Christine said her veterinarian said the cancer did not come from the vaccine, but Christine was skeptical. She grew even more doubtful after learning that the law required dog immunizations every two years even though the rabies vaccine lasted three.


When she got the bill, Christine told her vet she had a problem giving her dog vaccinations every year or every other year.


"Here's my dog lying at my feet, suffering with a huge chunk of his hind leg removed. I thought, 'You were giving him medication that you know he doesn't need.'"


Christine found a new veterinarian and became an advocate for changing the laws and making pet owners more aware of the potential health risks posed by vaccinations. "We need the tools," she said, she is not the only one that feels that way.


Among those concerned about pets receiving vaccinations too frequently are AKC judge and former breeder Arnold Woolf of Lewiston and Larry Doyon of Munster Abbey Kennels in Minot, breeders of German shepherds. Both say they support the legislation.


Experts: Risks are low, but...


Christine's efforts have also met angry opposition. Last week the Maine Veterinary Medical Association came out against L.D. 429. In a Feb. 2 letter to lawmakers, MVMA President Matt Townsend did not directly spell out why the organization is opposed to the bill.


But Townsend complained that such a law would mandate "cumbersome disclosure and consent procedures for every vaccination and medication dispensed by veterinarians." It also said Christine "has launched what can only be described as an aggressive scare campaign, designed to drive a wedge of distrust between pet owners and their veterinarians."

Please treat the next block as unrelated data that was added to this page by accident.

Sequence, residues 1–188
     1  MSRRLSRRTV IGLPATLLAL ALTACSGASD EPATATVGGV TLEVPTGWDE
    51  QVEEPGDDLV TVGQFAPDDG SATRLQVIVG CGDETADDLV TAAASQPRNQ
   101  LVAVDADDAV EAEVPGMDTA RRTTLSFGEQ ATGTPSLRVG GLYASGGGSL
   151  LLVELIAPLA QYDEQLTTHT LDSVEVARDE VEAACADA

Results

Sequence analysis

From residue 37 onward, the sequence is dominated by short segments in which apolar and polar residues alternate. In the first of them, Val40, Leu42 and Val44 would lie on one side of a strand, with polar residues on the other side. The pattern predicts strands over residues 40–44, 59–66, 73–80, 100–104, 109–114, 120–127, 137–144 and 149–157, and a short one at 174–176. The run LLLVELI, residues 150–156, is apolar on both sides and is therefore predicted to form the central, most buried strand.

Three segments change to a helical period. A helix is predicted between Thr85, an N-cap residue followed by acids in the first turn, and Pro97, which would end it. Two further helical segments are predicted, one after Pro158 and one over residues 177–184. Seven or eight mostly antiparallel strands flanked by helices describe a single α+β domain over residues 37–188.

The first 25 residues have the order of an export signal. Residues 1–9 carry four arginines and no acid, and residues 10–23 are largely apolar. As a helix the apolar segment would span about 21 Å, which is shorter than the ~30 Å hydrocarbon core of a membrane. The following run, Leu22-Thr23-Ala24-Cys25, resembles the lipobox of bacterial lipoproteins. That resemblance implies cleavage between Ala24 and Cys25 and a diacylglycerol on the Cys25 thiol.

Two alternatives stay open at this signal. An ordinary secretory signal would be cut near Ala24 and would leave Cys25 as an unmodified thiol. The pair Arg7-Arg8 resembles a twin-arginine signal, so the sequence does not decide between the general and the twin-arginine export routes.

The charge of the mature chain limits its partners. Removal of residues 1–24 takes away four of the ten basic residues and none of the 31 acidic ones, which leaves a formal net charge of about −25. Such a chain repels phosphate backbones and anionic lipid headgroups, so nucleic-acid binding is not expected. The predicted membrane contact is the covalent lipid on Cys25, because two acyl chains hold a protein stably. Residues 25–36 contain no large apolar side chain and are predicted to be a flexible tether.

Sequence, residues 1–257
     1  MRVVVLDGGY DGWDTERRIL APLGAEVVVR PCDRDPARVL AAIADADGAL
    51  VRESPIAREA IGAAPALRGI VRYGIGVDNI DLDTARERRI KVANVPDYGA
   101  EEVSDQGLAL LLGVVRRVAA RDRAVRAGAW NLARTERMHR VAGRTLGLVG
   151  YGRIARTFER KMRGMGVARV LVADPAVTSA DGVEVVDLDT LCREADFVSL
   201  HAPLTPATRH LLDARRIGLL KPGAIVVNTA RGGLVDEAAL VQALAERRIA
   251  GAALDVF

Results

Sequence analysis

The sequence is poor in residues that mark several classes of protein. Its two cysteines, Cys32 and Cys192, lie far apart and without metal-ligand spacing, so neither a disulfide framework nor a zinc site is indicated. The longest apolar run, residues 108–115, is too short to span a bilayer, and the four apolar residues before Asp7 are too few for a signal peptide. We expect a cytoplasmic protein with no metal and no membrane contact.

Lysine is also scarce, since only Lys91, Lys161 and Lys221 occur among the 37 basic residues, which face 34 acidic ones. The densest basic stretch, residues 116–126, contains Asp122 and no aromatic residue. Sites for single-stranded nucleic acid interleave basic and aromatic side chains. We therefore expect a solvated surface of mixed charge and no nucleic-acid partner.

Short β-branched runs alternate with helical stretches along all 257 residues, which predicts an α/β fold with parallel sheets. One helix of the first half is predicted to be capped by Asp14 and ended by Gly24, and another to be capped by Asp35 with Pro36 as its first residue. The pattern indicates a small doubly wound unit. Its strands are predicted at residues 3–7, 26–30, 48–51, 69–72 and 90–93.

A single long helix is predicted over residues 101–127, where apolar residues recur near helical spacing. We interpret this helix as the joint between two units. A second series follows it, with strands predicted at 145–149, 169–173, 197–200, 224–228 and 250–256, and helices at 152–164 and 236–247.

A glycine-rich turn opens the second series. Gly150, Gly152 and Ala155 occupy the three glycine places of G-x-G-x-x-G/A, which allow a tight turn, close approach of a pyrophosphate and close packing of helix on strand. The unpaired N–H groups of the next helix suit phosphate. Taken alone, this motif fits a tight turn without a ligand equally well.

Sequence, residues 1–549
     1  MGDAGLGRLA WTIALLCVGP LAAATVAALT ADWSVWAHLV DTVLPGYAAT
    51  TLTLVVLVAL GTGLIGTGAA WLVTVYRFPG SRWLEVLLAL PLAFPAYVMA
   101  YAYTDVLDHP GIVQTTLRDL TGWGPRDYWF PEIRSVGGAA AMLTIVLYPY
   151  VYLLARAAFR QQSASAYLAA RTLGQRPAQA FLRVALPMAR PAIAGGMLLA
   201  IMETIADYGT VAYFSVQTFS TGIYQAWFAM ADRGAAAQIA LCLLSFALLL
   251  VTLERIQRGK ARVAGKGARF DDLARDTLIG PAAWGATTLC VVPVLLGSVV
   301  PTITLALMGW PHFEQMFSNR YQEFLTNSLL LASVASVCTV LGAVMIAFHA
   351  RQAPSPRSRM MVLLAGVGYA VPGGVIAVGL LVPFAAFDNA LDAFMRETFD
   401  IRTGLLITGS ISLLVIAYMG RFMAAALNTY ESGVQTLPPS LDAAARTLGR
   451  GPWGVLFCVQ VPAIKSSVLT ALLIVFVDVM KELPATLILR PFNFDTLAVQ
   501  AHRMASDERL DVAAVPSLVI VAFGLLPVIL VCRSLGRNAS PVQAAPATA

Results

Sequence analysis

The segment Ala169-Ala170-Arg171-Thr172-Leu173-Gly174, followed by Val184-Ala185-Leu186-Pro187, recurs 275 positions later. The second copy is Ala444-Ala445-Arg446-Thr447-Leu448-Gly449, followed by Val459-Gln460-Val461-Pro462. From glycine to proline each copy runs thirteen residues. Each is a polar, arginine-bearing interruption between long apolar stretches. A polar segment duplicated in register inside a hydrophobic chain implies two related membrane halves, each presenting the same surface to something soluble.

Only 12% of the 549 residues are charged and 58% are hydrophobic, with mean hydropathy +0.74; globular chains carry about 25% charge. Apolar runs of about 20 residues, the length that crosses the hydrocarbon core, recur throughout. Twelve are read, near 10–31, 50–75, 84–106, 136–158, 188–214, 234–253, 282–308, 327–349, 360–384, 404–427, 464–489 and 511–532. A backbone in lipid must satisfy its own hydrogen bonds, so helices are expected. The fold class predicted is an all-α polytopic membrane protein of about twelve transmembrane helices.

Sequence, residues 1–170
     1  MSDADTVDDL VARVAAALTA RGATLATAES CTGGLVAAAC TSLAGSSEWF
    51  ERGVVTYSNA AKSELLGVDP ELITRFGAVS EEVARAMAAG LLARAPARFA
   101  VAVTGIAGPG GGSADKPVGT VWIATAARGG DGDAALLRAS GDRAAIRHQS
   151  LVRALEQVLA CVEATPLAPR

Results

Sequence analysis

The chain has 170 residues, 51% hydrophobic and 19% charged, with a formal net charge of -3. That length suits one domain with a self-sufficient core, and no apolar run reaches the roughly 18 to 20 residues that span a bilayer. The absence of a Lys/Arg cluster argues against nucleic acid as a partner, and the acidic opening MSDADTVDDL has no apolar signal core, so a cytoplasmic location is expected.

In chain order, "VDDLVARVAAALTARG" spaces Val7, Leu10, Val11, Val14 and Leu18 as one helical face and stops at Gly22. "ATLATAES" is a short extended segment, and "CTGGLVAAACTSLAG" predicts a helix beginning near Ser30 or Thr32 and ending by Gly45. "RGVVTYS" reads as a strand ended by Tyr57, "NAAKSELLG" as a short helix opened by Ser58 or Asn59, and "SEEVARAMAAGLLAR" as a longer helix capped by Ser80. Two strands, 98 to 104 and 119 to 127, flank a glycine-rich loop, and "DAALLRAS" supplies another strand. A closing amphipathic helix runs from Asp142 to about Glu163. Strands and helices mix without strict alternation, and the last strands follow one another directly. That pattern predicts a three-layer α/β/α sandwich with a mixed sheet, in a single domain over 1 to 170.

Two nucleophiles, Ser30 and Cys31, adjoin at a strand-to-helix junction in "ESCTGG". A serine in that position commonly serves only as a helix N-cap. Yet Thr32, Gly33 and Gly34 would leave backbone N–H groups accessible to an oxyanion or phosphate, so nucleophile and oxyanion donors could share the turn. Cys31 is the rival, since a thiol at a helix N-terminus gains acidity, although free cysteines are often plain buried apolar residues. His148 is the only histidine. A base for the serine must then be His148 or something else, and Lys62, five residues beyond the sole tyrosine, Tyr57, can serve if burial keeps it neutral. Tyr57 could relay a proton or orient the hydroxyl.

Actually, the law makes no mention of medication other than vaccines. The law says veterinarians must provide disclosure forms informing consumers about the advantages and disadvantages of vaccines.


MVMA Executive Director Bill Bell said there is no Maine protocol on how often vaccines should be administered, and that even top researchers disagree. "The bill is vague to the point of being ridiculous," he said.


Veterinarians are worried a disclosure form would scare away some pet owners from having their dogs and cats vaccinated, which would lead to diseases coming back, Bell said. He added that the bill will increase paperwork for veterinarians without doing any good.


One nationally recognized vaccine researcher, Dr. Ronald Schultz, favors the law.


While rare, vaccines can cause adverse health affects in cats and dogs, said Schultz, an expert in animal vaccinations and chair of the department of pathobiological sciences at the University of Wisconsin School of Veterinary Medicine.


"I favor anything that would better inform the potential buyer of what they need and what they're getting," he said in a telephone interview from his Wisconsin office.


A majority of veterinarians are already providing that information, but some are not, he said.


The thinking that vaccines are harmless is changing, Schultz said, adding that annual vaccinations don't help pets, and can hurt them. "For years we worked under a philosophy of 'if it doesn't help, (at least) it won't hurt.'"


What he called "an awakening" began in the 1980s when healthy cats given vaccines were getting cancer. "The odds were small, but if the odds are 1 in 1,000 that doesn't matter if it's your pet," he said.


The probability of dog vaccines causing cancer is lower than cats, he said. "But we're constantly learning. The wake-up call to the veterinarian profession was that vaccines create a risk. ... No matter how rare the adverse effects are, we don't want to give a product that's not needed."


Schultz said the veterinary profession has been using annual or biannual shots as a way to bring clients through the door for the more important exam. Convincing pet owners to come in by telling them their pets' annual or biannual shots are due should no longer be practiced, he said.